Past President Jim Erickson led the meeting

Jill Benza - District 5510 Assistant Governor


John Arnold
Governor’s Office - Director of Strategic Planning and Budgeting

John immediately plunged us into the world of Arizona’s financial predicament and in only a few minutes gave us an understanding of how dire Arizona’s situation is … and how difficult it is to balance the state’s budget.
Housing - John first pointed out a large factor influencing our economy - the housing sector.  Graphic representation of the “bubble” is certainly dramatic.  Over the last ten years housing prices have soared … then went through a precipitous fall. The Phoenix area has been hit worse than most other cities. 
Jobs – Next John showed a graphic look at the tremendous drop in jobs. We are down twelve percent below peak employment in Arizona … a much greater loss than for the national average. Job losses during other downturns shown on the same chart were dwarfed by the present unprecedented situation.
Taxable Spending – Our present economic conditions have had a tremendous influence in the way individuals and businesses spend money. Instead of buying taxable goods like cars and televisions we are spending a larger proportion on things that are not taxed. Taxable spending is down from an average of over 35% to only 23.5%. This change in our spending pattern directly equates to less revenue going into the state’s general fund.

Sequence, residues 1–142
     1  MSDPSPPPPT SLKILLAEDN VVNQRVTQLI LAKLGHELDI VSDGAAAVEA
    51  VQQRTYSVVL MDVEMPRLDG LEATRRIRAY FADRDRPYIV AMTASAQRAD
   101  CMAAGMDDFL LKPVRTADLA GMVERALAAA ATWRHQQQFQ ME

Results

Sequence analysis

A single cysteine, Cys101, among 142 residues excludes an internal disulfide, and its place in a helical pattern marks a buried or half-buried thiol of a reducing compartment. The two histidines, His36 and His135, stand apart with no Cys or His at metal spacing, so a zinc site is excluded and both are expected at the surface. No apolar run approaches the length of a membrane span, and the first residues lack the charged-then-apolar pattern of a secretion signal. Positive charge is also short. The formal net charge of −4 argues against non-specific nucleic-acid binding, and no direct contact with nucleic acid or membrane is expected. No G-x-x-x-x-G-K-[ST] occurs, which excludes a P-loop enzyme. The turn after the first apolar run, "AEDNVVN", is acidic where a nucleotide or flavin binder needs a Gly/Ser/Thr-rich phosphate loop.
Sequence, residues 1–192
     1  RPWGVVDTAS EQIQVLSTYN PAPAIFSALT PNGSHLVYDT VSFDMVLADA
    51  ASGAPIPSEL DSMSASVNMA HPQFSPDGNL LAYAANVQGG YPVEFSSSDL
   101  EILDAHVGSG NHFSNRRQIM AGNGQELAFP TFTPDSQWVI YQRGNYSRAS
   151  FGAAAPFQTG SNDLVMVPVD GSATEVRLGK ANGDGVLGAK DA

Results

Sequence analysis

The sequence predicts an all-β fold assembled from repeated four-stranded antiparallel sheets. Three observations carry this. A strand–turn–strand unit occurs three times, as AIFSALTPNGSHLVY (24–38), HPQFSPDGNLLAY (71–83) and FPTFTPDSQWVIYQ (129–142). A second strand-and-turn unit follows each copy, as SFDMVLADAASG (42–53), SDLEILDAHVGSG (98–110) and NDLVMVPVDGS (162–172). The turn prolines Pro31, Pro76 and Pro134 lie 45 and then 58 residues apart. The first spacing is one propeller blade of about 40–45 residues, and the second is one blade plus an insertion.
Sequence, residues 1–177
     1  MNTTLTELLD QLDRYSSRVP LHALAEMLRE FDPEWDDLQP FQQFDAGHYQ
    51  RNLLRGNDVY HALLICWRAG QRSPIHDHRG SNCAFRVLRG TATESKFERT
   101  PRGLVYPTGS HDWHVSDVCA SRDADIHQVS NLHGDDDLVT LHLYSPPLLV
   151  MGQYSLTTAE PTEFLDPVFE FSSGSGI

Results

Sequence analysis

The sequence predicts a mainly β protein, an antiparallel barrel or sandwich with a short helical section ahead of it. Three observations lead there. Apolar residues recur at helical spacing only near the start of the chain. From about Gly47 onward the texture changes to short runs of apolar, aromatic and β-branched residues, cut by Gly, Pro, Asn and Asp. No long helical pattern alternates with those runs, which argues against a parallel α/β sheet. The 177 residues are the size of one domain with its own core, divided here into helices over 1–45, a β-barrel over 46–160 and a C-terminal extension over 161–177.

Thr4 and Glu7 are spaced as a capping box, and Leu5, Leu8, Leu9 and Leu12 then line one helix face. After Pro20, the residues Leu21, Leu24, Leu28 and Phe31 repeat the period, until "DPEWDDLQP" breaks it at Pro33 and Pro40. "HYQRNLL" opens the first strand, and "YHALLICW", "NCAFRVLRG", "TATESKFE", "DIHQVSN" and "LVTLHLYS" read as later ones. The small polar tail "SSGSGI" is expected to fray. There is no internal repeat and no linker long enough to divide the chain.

Balancing the Budget - Due to the more than three billion dollar shortfall of revenues, the state has had to take a twofold approach to balancing the budget. First, additional funds are being achieved through taxes – Prop 100 – and by borrowing 2.2 billion dollars. On the spending side the state is making major budgeted spending reductions affecting all sectors of the state’s economy.
  • Universities – reduced by 47%
  • Community Colleges – reduced by 71%
  • K-12 pupil expenditures – reduced by 18%
  • Child care – reduced by 37% - affects 18,000 children
  • Benefits to 19,000 families on cash assistance - cut from 60 months to 24 months.
  • Medicaid benefits to certain populations - reduced
  • State employee headcount – reduced by 12.9%
  • Funding for Tourism, Parks, Environmental Quality, Arts, Water Resources, Mines and Minerals is being eliminated or significantly reduced.
Arizona has brought expenditures down to 2005 levels.  These cuts have been painful but we are now positioned for the time when individuals and businesses get back to normal spending patterns that will equate to higher state revenues.